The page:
The following is a piece written by Common Cause Massachusetts summer intern Maria Hardiman.
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On June 4, former Secretary of State Hillary Clinton stood in front of one of her largest crowds yet as a presidential candidate and received the Barbara Jordan Public-Private Leadership Award from the Texas Southern University in Houston. Like all of her public appearances, this one was strategic. Her presence at a historically black college is a reminder of the coalition of voters she will need to rally in order to be elected to the presidency. Whoever the nominees for president may be, they will face the challenge of turning out voters in an increasingly cynical political environment.
Clinton chose this platform to talk about voting rights. She condemned voter ID laws as tools of voter suppression. She chastised states for rolling back early voting programs. She criticized the Supreme Court’s decision to gut the Voting Rights Act. Most strikingly, she called for solutions: automatic voter registration in every state when young people turn 18, at least 20 days of early voting nationwide, including evenings and weekends, and the repeal of state laws that ban the nearly 6 million Americans with criminal records from voting.
Yes, Clinton’s newfound passion for voting rights is strategic—but not wrong. Indeed, something is happening in America with regards to voting rights. Clinton’s comments come on the heels of her recent endorsement of a constitutional amendment to overturn Citizens United v. FEC, President Obama’s support for mandatory voting, and the upcoming fiftieth anniversary of the pivotal yet weakened Voting Rights Act.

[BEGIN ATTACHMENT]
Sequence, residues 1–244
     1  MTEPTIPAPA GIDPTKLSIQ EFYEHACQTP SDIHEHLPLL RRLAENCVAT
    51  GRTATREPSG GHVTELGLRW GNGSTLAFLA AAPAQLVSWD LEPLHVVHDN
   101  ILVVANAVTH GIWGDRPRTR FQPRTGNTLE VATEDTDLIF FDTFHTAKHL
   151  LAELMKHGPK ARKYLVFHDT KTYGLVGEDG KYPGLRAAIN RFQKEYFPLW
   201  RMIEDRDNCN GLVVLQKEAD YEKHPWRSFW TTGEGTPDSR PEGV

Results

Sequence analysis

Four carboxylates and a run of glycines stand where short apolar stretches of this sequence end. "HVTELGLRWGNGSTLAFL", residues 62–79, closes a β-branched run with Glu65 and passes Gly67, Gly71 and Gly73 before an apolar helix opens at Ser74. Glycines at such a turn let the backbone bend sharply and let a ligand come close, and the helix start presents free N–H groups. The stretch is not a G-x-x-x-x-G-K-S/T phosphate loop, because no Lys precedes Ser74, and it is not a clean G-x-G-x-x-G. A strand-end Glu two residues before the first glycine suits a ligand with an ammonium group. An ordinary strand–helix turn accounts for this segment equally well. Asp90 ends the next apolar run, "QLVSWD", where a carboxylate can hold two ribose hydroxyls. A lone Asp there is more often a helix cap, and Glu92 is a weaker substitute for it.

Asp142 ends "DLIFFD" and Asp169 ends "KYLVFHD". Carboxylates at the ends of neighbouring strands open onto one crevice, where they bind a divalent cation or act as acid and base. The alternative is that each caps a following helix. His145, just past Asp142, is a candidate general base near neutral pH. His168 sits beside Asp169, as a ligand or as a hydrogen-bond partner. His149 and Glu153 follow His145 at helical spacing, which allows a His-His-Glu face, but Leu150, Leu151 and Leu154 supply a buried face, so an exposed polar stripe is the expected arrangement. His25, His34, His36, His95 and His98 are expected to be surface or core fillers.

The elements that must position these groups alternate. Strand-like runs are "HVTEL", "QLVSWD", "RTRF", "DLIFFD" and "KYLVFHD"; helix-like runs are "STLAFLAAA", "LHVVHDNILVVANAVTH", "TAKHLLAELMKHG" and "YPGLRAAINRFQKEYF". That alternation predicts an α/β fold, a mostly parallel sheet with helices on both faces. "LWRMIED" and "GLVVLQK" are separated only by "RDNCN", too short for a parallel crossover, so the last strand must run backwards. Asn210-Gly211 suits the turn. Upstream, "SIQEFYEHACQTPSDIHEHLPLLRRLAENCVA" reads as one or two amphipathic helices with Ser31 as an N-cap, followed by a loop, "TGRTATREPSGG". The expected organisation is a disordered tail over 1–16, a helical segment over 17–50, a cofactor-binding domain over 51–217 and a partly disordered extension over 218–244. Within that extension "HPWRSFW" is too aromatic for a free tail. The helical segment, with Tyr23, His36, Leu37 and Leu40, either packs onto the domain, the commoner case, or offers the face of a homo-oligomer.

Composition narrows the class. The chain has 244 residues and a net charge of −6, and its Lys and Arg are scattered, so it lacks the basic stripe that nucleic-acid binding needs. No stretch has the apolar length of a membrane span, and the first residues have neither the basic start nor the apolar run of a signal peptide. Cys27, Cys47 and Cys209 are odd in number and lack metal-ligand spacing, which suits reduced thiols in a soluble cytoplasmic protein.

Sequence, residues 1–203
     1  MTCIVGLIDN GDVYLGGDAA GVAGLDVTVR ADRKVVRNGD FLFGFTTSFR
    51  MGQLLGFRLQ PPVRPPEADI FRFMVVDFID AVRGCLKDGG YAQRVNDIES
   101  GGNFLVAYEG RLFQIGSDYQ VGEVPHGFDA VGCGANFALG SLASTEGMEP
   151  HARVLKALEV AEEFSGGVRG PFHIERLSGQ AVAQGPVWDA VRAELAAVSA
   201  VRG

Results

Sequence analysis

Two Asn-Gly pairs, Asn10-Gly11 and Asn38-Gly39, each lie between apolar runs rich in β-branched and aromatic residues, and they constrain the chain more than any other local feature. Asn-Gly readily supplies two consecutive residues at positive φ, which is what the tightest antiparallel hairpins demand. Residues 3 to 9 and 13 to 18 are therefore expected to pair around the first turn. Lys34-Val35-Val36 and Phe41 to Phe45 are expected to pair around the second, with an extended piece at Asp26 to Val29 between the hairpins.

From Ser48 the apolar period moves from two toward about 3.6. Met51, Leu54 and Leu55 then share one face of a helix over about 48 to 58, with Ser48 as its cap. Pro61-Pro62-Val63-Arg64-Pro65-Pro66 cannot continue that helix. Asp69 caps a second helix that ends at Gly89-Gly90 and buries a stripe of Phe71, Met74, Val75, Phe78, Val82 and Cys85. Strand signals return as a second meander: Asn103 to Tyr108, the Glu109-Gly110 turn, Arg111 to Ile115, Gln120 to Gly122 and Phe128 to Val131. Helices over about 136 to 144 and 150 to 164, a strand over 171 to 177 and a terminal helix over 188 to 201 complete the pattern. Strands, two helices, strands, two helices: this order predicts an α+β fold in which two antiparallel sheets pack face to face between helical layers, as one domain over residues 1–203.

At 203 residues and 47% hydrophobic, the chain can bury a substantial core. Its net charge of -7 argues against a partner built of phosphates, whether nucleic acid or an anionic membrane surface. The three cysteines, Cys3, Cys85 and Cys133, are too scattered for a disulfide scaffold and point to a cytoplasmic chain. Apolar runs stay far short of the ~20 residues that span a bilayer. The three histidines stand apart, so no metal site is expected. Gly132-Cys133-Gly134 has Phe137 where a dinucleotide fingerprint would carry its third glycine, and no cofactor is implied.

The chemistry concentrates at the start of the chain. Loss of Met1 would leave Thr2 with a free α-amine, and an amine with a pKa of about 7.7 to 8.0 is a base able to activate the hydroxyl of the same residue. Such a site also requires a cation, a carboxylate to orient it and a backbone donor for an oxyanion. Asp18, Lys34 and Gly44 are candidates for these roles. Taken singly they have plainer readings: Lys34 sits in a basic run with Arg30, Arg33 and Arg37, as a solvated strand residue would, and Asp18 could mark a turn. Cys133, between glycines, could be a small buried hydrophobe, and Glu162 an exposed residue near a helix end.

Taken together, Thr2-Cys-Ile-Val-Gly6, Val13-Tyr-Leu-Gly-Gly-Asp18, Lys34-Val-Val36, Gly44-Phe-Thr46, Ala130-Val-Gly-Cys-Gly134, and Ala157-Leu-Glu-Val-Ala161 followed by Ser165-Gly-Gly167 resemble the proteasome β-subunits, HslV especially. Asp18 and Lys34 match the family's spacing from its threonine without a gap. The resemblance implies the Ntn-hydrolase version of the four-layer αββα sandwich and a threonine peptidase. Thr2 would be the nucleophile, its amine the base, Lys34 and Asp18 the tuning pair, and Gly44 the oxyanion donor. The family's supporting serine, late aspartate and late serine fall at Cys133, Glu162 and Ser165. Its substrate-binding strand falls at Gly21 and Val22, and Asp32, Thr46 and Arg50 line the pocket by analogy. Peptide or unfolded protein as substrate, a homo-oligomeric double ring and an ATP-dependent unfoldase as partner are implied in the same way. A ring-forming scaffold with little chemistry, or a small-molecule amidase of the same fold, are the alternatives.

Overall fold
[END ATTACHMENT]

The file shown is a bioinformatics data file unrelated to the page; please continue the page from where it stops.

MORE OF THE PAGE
She is not alone in this focus either. Republican presidential candidate Senator Rand Paul introduced a bill last year that would restore voting rights to nonviolent felons in federal elections. Challenges to voter suppression laws in Wisconsin, Ohio, and North Carolina are making their way through the courts. The Supreme Court agreed to hear a case out of Texas that could potentially redefine the meaning of “one person, one vote.” Oregon is now the first state to automatically register voters through their DMV files, giving 300,000 new people access to the ballot.
Expanded voting rights and tighter regulations on campaign finance reform have long had strong bipartisan support amongst voters. The New York Times featured a poll on its front page this month highlighting Americans’ overwhelming support for campaign finance reform. The issue in enacting reform is not in a lack of support, but in a lack of priority. Clinton, Paul, and hopefully other candidates will bring much needed publicity to the fight for voting rights championed by Common Cause and other groups.
Here in Massachusetts, we have our own campaign to focus on too. Come 2016, our state voters will be able to cast their votes during an early voting period that starts two weeks before Election Day. Massachusetts is joining DC and 34 other states with early voting, easing access to the polls and giving voters the flexibility that should come with the right to vote. As we implement this new law, we still need to ensure that municipalities provide adequate evening and weekend hours for early voting, along with convenient voting locations for all Massachusetts voters. There should be no obstacle to participating in your democracy, no matter your party affiliation. With hard work and continued pressure on politicians, we will make our voices heard.
Contact us at Common Cause Massachusetts (617-426-9600), or sign up here, if you wish to be a volunteer on our campaign to make sure early voting equals expanded voting!